- no judicial powers; he was not even the judge of final appeals
- no religious function; he was not the guardian of the cult or temple
- no military role, not even in wartime
- no responsibility for economic relief of his subjects (e.g. debt remission, manumission)
Comment: See SOTT's wide-ranging interview with Gmirkin here: The Truth Perspective: Interview with Russell Gmirkin: What Does Plato Have To Do With the Bible? Or check it out on YouTube:
3,000-year old footprints of children are found alongside rare painting fragments at the site of a mysterious Egyptian palace
Daily Mail, UK
Fri, 10 Feb 2017 14:48 UTC
They also uncovered mysterious rare wall painting fragments which may have come from Ancient Greece. The team made the find while working at a site of Qantir-Piramesse at the eastern side of Egypt's Nile Delta.
Between 1300 and 1100 BC, 'Pi-Ramesse' was the capital of Egypt and a rich and powerful city. It was the home of Pharaoh Ramesses the Great, who was king of Egypt from 1279 to 1213 BC.
Fri, 10 Feb 2017 12:48 UTC
The last week of January holds special significance for Cubans, and indeed for the progressive men and women around the world. This year, January 25 marks the second month since the passing of Fidel Castro (who can forget November 25, 2016?). On January 28, which marks José Marti's day of birth, Cubans pay a special tribute to his legacy.On December 27, 2016, the Cuban National Assembly of People's Power held a debate on how to legislate the will of Fidel to reject any tendency toward the "cult of personality." The law expressly bans the use of Fidel's name "to denominate institutions, plazas, parks, streets, avenues and other public places, as well as any type of decoration, recognition or honorary title."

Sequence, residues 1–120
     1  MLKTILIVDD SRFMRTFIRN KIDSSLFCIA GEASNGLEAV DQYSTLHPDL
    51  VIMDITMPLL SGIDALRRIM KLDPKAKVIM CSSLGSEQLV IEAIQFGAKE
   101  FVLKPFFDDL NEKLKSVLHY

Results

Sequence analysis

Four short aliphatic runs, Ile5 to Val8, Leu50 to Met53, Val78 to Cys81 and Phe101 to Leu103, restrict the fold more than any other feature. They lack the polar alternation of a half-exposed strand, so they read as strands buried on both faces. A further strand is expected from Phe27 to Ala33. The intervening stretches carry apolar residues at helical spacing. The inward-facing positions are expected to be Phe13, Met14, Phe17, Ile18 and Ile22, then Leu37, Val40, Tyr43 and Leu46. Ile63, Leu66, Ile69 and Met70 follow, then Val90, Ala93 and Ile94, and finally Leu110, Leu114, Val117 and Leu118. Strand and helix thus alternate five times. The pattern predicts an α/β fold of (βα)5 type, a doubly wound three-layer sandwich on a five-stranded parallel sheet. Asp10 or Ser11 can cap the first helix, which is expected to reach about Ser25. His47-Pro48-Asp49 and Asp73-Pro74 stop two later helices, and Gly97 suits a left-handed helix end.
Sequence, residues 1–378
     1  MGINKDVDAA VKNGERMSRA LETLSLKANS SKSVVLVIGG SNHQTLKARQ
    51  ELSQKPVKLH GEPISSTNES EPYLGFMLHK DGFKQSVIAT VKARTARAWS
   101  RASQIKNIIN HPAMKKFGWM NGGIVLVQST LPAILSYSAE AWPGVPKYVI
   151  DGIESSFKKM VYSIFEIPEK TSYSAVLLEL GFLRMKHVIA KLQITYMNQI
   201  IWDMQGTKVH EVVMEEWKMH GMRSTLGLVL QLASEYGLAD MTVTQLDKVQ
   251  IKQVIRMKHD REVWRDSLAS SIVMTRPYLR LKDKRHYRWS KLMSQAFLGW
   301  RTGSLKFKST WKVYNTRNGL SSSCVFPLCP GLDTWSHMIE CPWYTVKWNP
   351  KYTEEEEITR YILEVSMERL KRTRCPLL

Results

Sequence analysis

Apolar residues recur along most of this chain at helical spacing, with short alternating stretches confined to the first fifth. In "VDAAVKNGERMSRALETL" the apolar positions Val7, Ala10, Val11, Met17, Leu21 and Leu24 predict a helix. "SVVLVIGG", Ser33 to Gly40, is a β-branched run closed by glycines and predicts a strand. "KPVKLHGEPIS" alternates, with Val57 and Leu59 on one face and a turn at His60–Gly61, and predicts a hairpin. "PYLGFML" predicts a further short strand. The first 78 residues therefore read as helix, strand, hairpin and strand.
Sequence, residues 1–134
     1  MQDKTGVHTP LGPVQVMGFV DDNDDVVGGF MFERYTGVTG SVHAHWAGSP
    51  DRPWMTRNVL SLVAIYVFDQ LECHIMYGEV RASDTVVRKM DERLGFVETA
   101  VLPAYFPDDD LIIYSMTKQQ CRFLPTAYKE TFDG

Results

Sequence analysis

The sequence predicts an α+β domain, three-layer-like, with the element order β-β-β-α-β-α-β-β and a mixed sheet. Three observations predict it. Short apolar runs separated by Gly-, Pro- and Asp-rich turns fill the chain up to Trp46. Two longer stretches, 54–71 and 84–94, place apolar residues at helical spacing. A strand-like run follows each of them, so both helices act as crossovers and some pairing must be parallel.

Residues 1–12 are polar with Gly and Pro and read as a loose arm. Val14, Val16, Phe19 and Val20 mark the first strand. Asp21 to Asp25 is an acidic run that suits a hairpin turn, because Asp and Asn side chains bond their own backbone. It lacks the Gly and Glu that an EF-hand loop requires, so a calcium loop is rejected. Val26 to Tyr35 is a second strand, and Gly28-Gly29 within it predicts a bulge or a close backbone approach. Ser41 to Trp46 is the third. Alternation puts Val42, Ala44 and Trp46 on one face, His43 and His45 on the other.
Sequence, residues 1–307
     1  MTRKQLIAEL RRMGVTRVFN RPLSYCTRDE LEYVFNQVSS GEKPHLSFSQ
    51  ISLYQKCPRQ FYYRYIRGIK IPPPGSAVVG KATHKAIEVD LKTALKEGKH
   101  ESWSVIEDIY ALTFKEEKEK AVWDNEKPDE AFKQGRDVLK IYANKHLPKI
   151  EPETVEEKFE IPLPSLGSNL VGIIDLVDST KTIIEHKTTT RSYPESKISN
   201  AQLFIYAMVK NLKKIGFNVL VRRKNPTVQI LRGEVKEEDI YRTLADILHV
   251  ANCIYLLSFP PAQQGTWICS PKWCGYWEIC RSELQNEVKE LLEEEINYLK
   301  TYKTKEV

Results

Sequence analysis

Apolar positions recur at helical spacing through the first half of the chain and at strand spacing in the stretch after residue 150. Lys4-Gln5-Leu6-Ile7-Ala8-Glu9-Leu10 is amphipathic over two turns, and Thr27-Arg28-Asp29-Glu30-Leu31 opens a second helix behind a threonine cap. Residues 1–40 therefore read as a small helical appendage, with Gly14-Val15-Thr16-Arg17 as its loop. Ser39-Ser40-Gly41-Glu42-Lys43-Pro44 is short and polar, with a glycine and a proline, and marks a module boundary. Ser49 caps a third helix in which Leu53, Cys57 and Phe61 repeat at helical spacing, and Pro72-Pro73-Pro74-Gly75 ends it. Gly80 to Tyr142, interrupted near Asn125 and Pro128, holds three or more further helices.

Likewise, it is forbidden to use denominations or images of, or allusions of any nature to, his figure "to erect monuments, busts, statues, commemorative strips and other similar forms of homage," as well as to use it as a trademark or for other distinctive signs, domain name and designs for commercial or advertising purposes, except when it comes to the use of his name to denominate any future institution that might be created according the law to study his invaluable trajectory in the history of the nation.